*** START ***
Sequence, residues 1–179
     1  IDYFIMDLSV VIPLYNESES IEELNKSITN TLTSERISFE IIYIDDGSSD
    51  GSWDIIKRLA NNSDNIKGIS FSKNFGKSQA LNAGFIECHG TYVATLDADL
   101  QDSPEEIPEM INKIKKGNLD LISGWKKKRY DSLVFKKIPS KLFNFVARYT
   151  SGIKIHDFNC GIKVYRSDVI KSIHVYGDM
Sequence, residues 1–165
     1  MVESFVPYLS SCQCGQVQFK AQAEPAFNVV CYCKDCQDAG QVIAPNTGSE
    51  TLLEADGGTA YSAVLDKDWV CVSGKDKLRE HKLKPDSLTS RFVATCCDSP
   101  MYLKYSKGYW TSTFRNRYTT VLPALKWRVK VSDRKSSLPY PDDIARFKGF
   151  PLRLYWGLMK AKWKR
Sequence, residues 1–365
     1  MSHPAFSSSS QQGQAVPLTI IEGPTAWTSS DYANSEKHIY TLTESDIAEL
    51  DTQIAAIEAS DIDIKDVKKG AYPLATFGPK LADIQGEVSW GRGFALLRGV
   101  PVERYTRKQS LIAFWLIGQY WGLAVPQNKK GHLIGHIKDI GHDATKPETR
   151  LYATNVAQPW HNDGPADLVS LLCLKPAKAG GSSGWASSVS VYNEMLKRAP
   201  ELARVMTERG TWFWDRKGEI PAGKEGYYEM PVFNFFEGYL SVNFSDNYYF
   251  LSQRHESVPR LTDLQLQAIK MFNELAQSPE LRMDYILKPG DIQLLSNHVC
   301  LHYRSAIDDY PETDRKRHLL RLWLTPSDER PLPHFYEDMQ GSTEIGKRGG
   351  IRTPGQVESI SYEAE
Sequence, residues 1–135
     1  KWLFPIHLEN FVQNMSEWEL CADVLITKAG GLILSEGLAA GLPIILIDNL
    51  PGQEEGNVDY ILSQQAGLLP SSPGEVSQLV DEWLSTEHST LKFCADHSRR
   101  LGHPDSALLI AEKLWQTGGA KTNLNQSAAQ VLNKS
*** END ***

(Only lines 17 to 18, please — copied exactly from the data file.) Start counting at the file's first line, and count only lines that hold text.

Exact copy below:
   251  LSQRHESVPR LTDLQLQAIK MFNELAQSPE LRMDYILKPG DIQLLSNHVC
   301  LHYRSAIDDY PETDRKRHLL RLWLTPSDER PLPHFYEDMQ GSTEIGKRGG